Court Appointed Special Advocates (CASA) is taking applications for its volunteer class, which will begin on Saturday, June 27.
CASA volunteers are local community members trained and then appointed by local judges to serve as an advocate for children who are in court due to abuse or neglect in their homes.
The class will take place at the CASA offices located at 236 San Jose Drive No. 130 in Dodge City, over the course of eight to 10 weeks, and is offered to the six counties making up the 16th Judicial District.
“As part of the process, volunteers are working with confidential information from the court, from mental health providers and child welfare,” said Kristin Hines, executive director for CASA. “So often programs will call it a 'professional volunteer opportunity,' just because of the level of complexity and impact of the work they’re doing, and so as part of that volunteers have to go through training.”
For example, volunteers will eventually be training during court observations times, where confidentiality is highly important.
Volunteers wanting to take the class will apply with an application provided by CASA via email or hard copy.
Applicants must be 21 or older to apply and the application process includes a background check, asks for applicants to provide written references and a screening interview both before and, dependent on whether they pass the class, after the training program.
Applicants are asked a series of questions, with some inquiring about their possible personal experiences with abuse or neglect if they have any, and if so, how they’ve healed and moved on.
Applicants’ answers determine whether they are recognized as a stable candidate for the program per the National CASA/GAL Association and the Kansas Office of Judicial Administration standards.
The training curriculum will be around 30 hours total and is provided by the National CASA/GAL Association, and covers a broad variety of necessary topics to give volunteers the foundational base to begin working with their assigned child. Continuous education will be mandatory post-program.
CASA volunteers who complete training are certified with the Kansas Office of Judicial Administration.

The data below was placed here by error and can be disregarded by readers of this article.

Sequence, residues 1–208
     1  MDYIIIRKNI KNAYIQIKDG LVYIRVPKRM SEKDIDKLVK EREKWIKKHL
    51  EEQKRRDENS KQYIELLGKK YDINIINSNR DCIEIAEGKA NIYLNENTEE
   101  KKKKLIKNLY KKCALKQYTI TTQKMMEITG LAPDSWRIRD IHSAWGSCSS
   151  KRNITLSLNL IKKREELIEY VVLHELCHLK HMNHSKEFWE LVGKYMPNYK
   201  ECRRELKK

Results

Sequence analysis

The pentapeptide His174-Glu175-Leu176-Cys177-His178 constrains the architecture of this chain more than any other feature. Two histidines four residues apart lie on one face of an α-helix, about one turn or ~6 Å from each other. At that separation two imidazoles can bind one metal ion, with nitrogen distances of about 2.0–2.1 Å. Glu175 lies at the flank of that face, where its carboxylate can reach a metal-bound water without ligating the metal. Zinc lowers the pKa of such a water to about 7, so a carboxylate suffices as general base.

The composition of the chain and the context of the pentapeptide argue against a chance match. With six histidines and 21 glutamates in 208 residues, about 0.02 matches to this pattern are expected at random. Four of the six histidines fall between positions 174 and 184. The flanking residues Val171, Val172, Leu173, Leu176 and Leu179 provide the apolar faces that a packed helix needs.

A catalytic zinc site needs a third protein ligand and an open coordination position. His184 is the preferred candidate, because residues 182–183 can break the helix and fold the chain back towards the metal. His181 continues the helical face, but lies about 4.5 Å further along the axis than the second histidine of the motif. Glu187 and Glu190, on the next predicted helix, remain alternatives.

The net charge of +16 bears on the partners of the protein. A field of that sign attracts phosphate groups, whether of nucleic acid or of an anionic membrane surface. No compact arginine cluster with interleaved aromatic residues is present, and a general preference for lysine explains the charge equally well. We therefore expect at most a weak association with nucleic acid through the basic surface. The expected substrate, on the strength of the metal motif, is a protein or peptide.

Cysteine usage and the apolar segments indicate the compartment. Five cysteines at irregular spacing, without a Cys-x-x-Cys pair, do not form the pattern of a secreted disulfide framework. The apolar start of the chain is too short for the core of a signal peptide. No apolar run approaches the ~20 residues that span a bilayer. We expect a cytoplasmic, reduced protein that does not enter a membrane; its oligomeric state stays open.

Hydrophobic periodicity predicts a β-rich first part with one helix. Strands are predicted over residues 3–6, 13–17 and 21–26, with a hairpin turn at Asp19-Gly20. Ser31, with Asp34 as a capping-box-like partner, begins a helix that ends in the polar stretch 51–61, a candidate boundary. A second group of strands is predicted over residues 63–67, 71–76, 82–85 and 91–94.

Hines said they can accommodate virtual training needs for people still wary of COVID-19, in addition to in-house training with proper social-distancing measures, during the class. Virtual training can also be utilized to accommodate the class size via video conference.
According to Hines, the training program that they will be adopting for this session will allow trainees to go through part of the curriculum independently, while there still will be necessary group sessions.
More flexible training days and hours will be offered and open to individual discussion the day the class starts to allow everyone to follow through with the whole program.
Long-term commitment to the child and their struggles and being able to discern past possible biases are emphasized traits needed by volunteers to help maintain stability for a child subject to a life that is constantly being overturned for reasons out of their hands, which they might not understand.
Critical outside-of-the-box thinking can be cultivated during the class and is encouraged post-class, due to the unique situations volunteers will find themselves in when dealing with children and their families.
“Advocacy is one of the most rewarding and important things you can do for a child when they’re at one of their most vulnerable places,” said Hines. “The number of professionals that they work with can be very overwhelming and intimidating for a child, and when they have a CASA volunteer, they’ve got somebody that is just there for them and focused just on them.”
Anyone interested in applying for the volunteer class must do so prior to June 27.
To learn more about the application process and what CASA does, email email@example.com